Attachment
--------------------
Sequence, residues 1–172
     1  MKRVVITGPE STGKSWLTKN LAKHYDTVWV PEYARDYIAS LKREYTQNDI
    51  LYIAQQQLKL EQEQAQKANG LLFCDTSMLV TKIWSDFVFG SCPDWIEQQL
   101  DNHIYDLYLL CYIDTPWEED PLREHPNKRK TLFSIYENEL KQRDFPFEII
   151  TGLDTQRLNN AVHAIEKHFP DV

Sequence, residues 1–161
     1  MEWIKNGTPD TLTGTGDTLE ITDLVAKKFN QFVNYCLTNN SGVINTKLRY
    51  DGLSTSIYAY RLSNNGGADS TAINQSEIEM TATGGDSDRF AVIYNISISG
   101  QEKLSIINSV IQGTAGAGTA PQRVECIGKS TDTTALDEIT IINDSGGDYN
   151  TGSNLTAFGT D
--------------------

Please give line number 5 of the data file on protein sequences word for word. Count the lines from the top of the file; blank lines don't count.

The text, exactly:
   151  TGLDTQRLNN AVHAIEKHFP DV